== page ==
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Old 01-30-2006, 03:45 PM   #1
gtclvr
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Registered: Jan 2006
Distribution: Red Hat 9 kernel 2.4
Posts: 6

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'make' Red Hat 9


I'm very new to linux and I've been downloading tar.gzs and it says I have to make them and I found the make file but anytime I try to exectue it, it will not work. The main reason I need this is for ndiswrapper and wireless tools anyone have any insight to this, thanks in advance
 
Old 01-30-2006, 03:54 PM   #2
egghead
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Registered: Jan 2006
Distribution: Slackware 9.1
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Extract the tar.gz file to some directory, cd to that and try these three commands:
Code:
./configure
make
make install
 
Old 01-30-2006, 04:06 PM   #3
gtclvr
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that's how stupid I am that I don't know what you mean by cd
 
Old 01-30-2006, 04:14 PM   #4
egghead
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Registered: Jan 2006
Distribution: Slackware 9.1
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Sorry I assumed you knew some DOS commands...
Right-click on the .tar.gz file, there will be some option like Extract... When you have extracted it to some folder, open that folder and start a terminal there (from the Tools menu if I'm right) In the terminal, execute those three commands that I mentioned before...

cd stands for "change directory"
If you type that without any arguments (I mean just cd, it will change the directory to your home directory - which would be /home/username or /root in case you're logged in as root. cd directory_name will switch to the folder directory_name inside the current directory. . stands for your current directory, .. for the parent directory. pwd would give the name of your current directory. Now you know how to navigate to the directory to which you extracted it using the terminal
 
Old 01-30-2006, 04:21 PM   #5
pixellany
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Registered: Nov 2005
Location: Annapolis, MD
Distribution: Arch/XFCE
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We don't believe that you are stupid.....

cd is the command to change directories. Sooner or later in Linux, you will need to learn the command-line interface (CLI). It is not a scary monster....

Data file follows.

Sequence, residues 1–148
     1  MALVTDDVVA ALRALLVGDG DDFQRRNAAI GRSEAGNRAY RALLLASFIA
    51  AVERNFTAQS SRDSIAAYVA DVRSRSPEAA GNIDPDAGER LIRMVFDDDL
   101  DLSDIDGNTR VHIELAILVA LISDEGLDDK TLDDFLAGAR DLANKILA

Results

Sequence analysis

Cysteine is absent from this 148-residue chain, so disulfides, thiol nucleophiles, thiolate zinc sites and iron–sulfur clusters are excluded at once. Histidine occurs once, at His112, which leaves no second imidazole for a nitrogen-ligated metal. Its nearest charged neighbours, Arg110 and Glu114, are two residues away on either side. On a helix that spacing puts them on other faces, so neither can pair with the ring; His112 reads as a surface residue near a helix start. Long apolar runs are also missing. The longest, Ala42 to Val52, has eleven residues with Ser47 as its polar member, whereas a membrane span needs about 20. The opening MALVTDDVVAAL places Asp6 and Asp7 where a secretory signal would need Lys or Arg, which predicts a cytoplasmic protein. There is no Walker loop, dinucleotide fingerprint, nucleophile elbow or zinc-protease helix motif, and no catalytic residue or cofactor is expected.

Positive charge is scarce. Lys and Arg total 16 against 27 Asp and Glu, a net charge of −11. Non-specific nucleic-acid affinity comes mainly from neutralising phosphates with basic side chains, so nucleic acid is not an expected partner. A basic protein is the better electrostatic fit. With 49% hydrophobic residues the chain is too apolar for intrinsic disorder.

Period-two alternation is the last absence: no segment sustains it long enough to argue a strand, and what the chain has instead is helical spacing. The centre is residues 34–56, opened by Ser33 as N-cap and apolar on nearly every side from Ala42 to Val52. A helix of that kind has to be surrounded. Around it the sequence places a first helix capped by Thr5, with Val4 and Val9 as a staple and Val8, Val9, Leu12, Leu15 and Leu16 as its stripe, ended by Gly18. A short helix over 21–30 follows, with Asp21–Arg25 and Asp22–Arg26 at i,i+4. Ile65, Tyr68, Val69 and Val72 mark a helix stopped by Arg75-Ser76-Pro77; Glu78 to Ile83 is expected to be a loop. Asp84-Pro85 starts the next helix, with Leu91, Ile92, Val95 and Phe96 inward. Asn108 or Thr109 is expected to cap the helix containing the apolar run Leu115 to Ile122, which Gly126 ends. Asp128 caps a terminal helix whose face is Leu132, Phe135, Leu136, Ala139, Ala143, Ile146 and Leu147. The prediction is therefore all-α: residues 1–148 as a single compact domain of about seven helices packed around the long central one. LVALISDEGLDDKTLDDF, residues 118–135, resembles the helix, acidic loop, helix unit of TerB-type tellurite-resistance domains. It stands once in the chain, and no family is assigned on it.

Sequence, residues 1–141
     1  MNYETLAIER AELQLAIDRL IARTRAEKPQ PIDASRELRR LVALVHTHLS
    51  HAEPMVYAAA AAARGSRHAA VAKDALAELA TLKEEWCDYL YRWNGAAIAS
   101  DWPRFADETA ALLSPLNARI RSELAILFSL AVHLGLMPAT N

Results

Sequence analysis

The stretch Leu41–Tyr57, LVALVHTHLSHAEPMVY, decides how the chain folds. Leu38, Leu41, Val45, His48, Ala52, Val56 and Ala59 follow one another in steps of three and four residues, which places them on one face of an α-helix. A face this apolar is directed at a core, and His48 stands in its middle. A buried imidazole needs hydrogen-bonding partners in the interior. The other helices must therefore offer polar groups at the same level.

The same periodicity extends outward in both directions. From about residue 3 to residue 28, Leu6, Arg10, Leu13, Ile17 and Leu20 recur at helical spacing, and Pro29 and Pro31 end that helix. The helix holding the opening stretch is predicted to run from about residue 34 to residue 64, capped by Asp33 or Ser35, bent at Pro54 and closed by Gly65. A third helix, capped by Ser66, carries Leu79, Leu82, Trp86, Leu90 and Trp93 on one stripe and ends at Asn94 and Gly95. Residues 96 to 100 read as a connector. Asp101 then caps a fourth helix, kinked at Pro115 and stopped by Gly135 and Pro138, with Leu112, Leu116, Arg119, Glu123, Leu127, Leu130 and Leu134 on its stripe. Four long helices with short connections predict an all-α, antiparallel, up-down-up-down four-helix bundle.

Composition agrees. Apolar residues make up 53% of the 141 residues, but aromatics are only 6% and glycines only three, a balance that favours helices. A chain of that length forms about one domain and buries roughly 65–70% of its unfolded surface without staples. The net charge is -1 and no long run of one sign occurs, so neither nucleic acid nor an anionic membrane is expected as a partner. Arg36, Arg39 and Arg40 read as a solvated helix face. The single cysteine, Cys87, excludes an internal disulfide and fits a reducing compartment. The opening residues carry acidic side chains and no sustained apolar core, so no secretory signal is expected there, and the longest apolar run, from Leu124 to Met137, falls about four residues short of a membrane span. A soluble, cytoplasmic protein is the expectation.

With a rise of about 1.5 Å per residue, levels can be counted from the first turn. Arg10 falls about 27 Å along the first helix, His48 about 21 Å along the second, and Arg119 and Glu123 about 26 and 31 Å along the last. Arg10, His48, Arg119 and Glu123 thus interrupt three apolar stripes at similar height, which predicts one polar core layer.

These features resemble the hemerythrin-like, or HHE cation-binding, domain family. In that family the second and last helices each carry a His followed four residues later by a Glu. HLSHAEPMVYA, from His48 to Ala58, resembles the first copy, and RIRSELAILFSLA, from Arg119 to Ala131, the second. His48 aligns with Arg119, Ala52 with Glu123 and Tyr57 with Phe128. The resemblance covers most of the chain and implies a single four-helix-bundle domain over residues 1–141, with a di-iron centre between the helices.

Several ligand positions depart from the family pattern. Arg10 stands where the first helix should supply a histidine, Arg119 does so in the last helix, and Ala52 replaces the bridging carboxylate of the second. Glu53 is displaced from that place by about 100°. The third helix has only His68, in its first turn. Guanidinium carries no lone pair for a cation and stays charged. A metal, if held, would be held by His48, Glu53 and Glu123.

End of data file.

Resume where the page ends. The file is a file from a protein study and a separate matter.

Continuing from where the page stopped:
Go into your main menu(s) and find "terminal". On my Redhat it is in Applications-->System Tools. Yours may be different, but it IS there somewhere.

When the terminal window opens, type "ls -l" (the l is not a one). You are now looking at the directories and files in your home directory. Pick something that is a directory (d at the beginning of the entry), and type "cd name" , where name is the filename in the entry. Now you are in the new directory. To go back, type "cd ..", or simply "cd".
End of lesson one...
To learn all the commands available, there are many methods, including trial and error. You can get a glimpse by typing "help", or "info coreutils"
Eventually, you will want to read a manual. I recommend "Bash Guide for Beginners" by Machtelt Garrels. It is a free download from the Linux Documentation Project (TLDP)
 
Old 02-09-2006, 12:10 PM   #6
gtclvr
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Registered: Jan 2006
Distribution: Red Hat 9 kernel 2.4
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okay when I try to do the configure this is what happens
[root@mshome root]# cd pygtk-~1.0
[root@mshome pygtk-~1.0]# ls
aclocal.m4 config~1.gue instal~1 pango-~1.def pygtk~1.spe
atk~1.def config~1.in install pango~1.ove pygtk.py
atk~1.ove config~1.win ltihooks.py pangoc~1.c pygtks~1.in
atkmod~1.c config~2.in ltmain.sh pangoc~1.def readme
atk-ty~1.def config.sub makefile.am pangoc~1.ove setup.py
authors copying makefile.in pangom~1.c tests
change~1 depcomp manifest.in pkg-info threads
change~1.pre docs mapping pkg-info.in todo
change~2.pre dsextras.py missing py-com~1
codegen examples mkinst~1 pygobj~1.in
compile gobject news pygtk-~1.in
config~1 gtk pango~1.def pygtk_~1.py
[root@mshome pygtk-~1.0]# ./configure
bash: ./configure: No such file or directory
[root@mshome pygtk-~1.0]# make
make: *** No targets specified and no makefile found. Stop.
[root@mshome pygtk-~1.0]# make install
make: Nothing to be done for `install'
 
Old 02-09-2006, 12:25 PM   #7
Dtsazza
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Registered: Oct 2005
Location: Oxford, UK
Distribution: Debian Etch (w/ dual-boot XP for gaming)
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There's something weird going on there with all those '~1's... if you still have the tar.gz archive, try extracting it again (using tar xzf filename.tar.gz).

As another pointer, if you're using Red Hat, you'd probably have much less trouble using rpms to install software. Whilst it is sometimes necessary to compile from source code (that's what's in those tarballs, which is what we call tar.gz files), most software you can download as an RPM and just install using rpm -i filename.rpm.
 
  


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